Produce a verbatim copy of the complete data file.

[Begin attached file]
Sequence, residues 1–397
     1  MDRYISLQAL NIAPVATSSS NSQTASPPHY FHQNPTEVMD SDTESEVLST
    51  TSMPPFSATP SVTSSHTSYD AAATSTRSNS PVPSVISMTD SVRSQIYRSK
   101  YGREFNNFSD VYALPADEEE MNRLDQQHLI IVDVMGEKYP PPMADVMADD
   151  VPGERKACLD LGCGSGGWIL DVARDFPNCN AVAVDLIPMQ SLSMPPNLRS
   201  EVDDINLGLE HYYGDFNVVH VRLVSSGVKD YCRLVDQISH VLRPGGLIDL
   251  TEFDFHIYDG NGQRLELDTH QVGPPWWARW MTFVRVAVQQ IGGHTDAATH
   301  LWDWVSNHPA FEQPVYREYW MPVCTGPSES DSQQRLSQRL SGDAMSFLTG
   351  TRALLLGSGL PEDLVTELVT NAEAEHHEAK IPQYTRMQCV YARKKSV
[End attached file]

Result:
Sequence, residues 1–397
     1  MDRYISLQAL NIAPVATSSS NSQTASPPHY FHQNPTEVMD SDTESEVLST
    51  TSMPPFSATP SVTSSHTSYD AAATSTRSNS PVPSVISMTD SVRSQIYRSK
   101  YGREFNNFSD VYALPADEEE MNRLDQQHLI IVDVMGEKYP PPMADVMADD
   151  VPGERKACLD LGCGSGGWIL DVARDFPNCN AVAVDLIPMQ SLSMPPNLRS
   201  EVDDINLGLE HYYGDFNVVH VRLVSSGVKD YCRLVDQISH VLRPGGLIDL
   251  TEFDFHIYDG NGQRLELDTH QVGPPWWARW MTFVRVAVQQ IGGHTDAATH
   301  LWDWVSNHPA FEQPVYREYW MPVCTGPSES DSQQRLSQRL SGDAMSFLTG
   351  TRALLLGSGL PEDLVTELVT NAEAEHHEAK IPQYTRMQCV YARKKSV